Music’s Power: Ethiopian Rapper Teddy Neguse Challenges Police Brutality Through Rap Music
“Our whole life is a struggle, we face challenges, and we overcome them”
When the Nigerian afro-music legend and activist, Fela Kuti said “Music is the weapon of the future”, this was what he meant.
African musicians and artists are beginning to discover the power they possess and are using it right.
Ethiopian rapper, Teddy Neguse is one of such artists. He is taking advantage of rap and the stage to address police brutality against young Israeli men of Ethiopian descent.
His song titled “Handcuffed” contains a bold message that is straight to the point!
He was not scared of addressing the situation which many African leaders have failed to talk about.
Although the song came out in 2017, it has recently reached new heights in the wake of street protests across the country following the killing of an Ethiopian Israeli teen by an off-duty police officer last month.
This week the 23-year-old artist was invited to perform his song live on the popular news website Ynet.
Neguse’s appearance on Ynet illustrates the growing Ethiopian Israeli presence in the local music scene.
But it also reflects the ongoing struggles against alleged racism and discrimination, some three decades after Ethiopian Jews began arriving in Israel.
Large numbers of Ethiopian Jews began arriving in Israel via secret airlifts in the 1980s.
The new arrivals from a rural, developing African country struggled to find their footing in an increasingly high-tech Israel.
Throughout the decades, Ethiopians have suffered discrimination.
In the late 1990s, it was discovered that Israel’s health services were throwing out Ethiopian blood donations over fears of diseases contracted in Africa.
Accusations have also been raised that Israel has deliberately tried to curb birth rates in its Ethiopian communities.
Today there are around 150,000 people in the Israel Ethiopian community, some 2% of the country’s 9 million citizens.
While some Israelis of Ethiopian descent have made gains in areas like the military, the police force and politics, the community continues to struggle with a lack of opportunity and high poverty rate.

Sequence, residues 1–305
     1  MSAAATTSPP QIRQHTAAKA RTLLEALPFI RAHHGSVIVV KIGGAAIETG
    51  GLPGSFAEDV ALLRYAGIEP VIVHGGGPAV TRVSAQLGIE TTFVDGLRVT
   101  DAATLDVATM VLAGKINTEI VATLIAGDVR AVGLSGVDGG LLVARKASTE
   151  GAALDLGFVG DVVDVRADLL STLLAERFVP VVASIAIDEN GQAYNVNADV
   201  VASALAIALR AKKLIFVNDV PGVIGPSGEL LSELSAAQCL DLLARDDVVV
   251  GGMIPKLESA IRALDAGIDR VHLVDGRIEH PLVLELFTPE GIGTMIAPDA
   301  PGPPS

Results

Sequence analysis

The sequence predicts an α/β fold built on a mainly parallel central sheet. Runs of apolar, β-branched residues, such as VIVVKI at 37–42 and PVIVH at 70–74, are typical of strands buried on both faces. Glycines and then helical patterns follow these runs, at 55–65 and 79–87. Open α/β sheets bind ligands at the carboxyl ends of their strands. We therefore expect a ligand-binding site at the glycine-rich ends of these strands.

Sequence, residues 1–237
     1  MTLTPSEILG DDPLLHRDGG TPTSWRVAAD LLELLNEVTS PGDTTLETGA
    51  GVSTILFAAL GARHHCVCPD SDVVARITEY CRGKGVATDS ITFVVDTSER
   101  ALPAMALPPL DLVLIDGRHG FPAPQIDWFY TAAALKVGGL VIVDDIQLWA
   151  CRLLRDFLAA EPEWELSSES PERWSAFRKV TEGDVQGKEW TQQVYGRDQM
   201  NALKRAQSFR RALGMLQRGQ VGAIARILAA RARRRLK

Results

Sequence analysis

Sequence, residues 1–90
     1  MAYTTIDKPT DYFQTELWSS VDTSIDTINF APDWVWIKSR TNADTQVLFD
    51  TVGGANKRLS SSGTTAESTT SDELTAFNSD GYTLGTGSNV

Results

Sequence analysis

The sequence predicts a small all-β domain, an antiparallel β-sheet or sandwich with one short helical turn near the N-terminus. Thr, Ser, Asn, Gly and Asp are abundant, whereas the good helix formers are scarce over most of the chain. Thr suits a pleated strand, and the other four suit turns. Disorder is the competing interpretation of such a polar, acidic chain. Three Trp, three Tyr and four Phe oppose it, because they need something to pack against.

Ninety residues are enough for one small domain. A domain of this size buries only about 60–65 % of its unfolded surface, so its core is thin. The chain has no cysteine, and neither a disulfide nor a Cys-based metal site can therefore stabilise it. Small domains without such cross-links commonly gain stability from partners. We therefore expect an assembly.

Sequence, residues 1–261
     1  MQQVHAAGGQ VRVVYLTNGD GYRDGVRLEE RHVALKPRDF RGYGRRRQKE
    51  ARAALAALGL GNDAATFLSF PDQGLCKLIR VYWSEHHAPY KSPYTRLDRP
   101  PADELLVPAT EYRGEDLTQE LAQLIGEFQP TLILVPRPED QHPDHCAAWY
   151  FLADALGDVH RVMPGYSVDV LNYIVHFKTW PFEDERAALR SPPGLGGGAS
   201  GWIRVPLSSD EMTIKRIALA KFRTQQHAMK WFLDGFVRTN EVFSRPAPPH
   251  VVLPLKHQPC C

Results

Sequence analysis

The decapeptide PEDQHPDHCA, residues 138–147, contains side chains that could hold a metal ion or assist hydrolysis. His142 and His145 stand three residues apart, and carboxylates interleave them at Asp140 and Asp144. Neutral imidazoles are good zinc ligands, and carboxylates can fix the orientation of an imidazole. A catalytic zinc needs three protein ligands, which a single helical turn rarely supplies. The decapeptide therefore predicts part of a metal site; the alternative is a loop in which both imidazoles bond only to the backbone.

Against this backdrop, Israeli artists of Ethiopian heritage are breaking out in the entertainment world, especially in the growing hip hop and dancehall scenes.
In his music video for “Handcuffed,” Neguse is dressed up as a soldier, riding a bicycle when he encounters two policemen.
The officers then, seemingly unprovoked, beat him up.
The music video depicts a 2015 incident in which two policemen were filmed beating a uniformed Ethiopian Israeli soldier, sparking mass protests.
The most recent demonstrations erupted after the unarmed Solomon Teka, 18, was fatally shot by a police officer in a Haifa suburb on June 30.
At the height of the unrest, protesters angrily swore at police officers, hurled firebombs, vandalized vehicles and set a car ablaze in the heart of Tel Aviv.
Police say over 110 officers were wounded in the protests, and at least 150 protesters were arrested.
The officer in question, who has claimed the youth was accidentally hit by a warning shot he had fired at the ground, is being investigated by internal affairs and remains under protective custody.
Another up-and-coming Ethiopian Israeli musician, Yael Mentesnot, says that in the past, the community has been “restrained” and “we end up coming off a bit naive.”
But this time she says the community is beginning to truly feel the despair.
“All the protests, they are not orchestrated, nothing there was organized,” she said.
“Everyone went to the streets frustrated and released their anger.”
While most of Mentesnot’s young solo career has been filled with upbeat party songs, she said the recent events have inspired her to address the Ethiopian Israelis’ struggle.
“Our whole life is a struggle, we face challenges, and we overcome them,” she said. “I want the public to see it. To understand what we feel.”
Neguse said he is pleased that Ethiopian musicians are on the rise, but said the recent protests should be seen as “a call for help, a cry of an entire community.